Simplicity and a Humble Pie
By Chef Deb Traylor
Sometimes the uncomplicated, quiet things offer the best surprises. No one can argue that a bouquet of flowers is beautiful, but a single daisy presented by your child outshines that bouquet any day. And the quiet person in a room rarely gets the same attention as the charismatic storyteller. Only when you get to hear that quiet person speak about a project or topic they’re passionate about do you see them in a different light.
I don’t know about you, but food photos that show an abundance of bright colors and textures often enamor me. I’m drawn in by the perfectly arranged and expertly lit offerings on Pinterest and Instagram. Creating beautiful, flavorful food is a large part of what I do on a daily basis and it’s easy to get caught up in the over-the-top-throw-everything-on-the-plate food selfie trend that’s everywhere. While I’ve always held on to the fact that I do “simple” food, I’ve also been told that there is nothing simple about my food at all. So I admit it, I may be guilty of overcomplicating food and I’m usually drawn in by a charismatic storyteller.
So when a popular food magazine published a series of Depression-era recipes, I was intrigued by the Vinegar Pie… and a bit befuddled. I loved the idea of using only a few ingredients, but I kept trying to think of things to add to it. I wanted more color and textures. I wanted additional flavors. I wanted… well, more.
In preparing this humble little pie I was forced to show restraint. I fussed and worried about the simplicity of how it would photograph. I fretted that it wouldn’t catch the interest of the pie lovers. In my mind, I just knew we needed a pie recipe with more appeal. Then something wonderful happened. I slowed down, and I took my time prepping the dough and decorating the edges. I carefully thought about each ingredient in the filling. I decided to update only one component and switched out the plain vinegar with white balsamic vinegar. By the time I baked the pie, and the custard formed an almost burnt sugar crust, I could tell this was going to be special.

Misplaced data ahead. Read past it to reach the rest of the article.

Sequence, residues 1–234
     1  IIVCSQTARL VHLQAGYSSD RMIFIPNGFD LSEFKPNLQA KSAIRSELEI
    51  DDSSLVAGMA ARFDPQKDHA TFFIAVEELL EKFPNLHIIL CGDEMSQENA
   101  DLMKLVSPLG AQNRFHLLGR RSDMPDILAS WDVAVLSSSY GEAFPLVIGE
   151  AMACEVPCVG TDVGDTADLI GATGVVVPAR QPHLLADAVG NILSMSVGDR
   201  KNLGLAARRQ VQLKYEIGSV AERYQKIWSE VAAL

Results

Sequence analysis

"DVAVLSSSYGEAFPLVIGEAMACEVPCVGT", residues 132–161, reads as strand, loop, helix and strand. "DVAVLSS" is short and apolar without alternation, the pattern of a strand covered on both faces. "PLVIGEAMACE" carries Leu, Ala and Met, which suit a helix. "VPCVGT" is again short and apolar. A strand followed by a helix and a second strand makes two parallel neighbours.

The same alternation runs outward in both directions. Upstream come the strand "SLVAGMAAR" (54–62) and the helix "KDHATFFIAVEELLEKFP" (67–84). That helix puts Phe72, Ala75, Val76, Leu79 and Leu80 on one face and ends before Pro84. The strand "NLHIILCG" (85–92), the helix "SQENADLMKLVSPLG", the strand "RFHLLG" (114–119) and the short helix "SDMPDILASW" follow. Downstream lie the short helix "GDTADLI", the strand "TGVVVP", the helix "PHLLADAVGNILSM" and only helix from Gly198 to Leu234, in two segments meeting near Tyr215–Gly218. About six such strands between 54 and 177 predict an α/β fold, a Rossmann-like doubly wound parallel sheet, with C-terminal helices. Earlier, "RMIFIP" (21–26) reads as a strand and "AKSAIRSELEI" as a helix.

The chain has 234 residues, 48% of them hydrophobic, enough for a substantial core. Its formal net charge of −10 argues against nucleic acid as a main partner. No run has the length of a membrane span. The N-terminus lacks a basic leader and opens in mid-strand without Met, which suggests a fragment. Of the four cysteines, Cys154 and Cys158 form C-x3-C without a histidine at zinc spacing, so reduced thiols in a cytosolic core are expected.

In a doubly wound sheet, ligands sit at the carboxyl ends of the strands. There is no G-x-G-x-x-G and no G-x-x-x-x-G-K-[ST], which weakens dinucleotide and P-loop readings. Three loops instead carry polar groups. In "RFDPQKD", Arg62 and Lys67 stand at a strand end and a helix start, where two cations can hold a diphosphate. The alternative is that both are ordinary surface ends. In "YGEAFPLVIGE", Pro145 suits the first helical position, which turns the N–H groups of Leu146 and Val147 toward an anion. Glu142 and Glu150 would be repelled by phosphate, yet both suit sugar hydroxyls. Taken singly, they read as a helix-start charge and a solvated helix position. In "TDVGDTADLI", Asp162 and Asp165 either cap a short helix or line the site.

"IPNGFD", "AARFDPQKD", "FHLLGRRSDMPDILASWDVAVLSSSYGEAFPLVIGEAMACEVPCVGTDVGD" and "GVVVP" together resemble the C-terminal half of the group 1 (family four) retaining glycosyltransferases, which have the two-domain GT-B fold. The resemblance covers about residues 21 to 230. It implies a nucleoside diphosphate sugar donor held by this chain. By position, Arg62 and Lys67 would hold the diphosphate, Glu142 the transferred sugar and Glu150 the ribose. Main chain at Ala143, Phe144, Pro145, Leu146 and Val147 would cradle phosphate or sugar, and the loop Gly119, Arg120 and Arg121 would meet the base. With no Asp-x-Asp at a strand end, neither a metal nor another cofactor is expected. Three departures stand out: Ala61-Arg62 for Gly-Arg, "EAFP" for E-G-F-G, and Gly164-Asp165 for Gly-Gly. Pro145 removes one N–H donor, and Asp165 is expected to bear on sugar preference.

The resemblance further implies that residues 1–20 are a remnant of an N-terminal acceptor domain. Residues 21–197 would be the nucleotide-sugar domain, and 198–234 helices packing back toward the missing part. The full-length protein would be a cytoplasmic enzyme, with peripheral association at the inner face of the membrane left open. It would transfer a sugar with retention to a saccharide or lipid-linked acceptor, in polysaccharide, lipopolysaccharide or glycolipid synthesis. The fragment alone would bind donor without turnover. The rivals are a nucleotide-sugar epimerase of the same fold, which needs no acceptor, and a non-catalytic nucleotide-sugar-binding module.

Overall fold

This simple little pie is that quiet person in the room that most people will overlook. I know I did. When it came time to slice the first serving and place it on the plate, it didn’t shout “wow”. The revelation came as I took that first tentative taste… it was simple perfection. The crust was buttery, the filling had a custardy, toasted sugar topping, and the white balsamic added just a touch of floral tartness that made it different. It’s the “single daisy presented by your child” kind of different. Of course you can add adornments like whipped cream or a few berries when you plate this pie… but I think you’ll find all it needs is a quiet corner and cup of coffee or tea. I hope you will give this one a try… and let me know what you think.
White Balsamic Vinegar Pie
- 4 large eggs
- 1 ½ cups granulated sugar
- ¼ cup unsalted butter, melted
- 1 ½ Tbsp. white balsamic vinegar (or raspberry, Champagne or white vinegar)
- 1 tsp. vanilla extract
- ¼ tsp. sea salt
- 1 unbaked pie shell (9 inches)
Preheat oven to 350 degree F. Spray a shallow pie pan with cooking spray and press pie dough to fit the pan. Pinch, crimp or flute the edges.
In a large bowl, combine eggs, sugar, butter, vinegar and vanilla. Whisk until thoroughly combined, and pour mixture into the unbaked pie shell. (We always put our pie pans on a rimmed sheet pan. It makes moving the pie easier, and it also catches any spills.) Bake for 45-50 minutes, or until the custard no longer jiggles.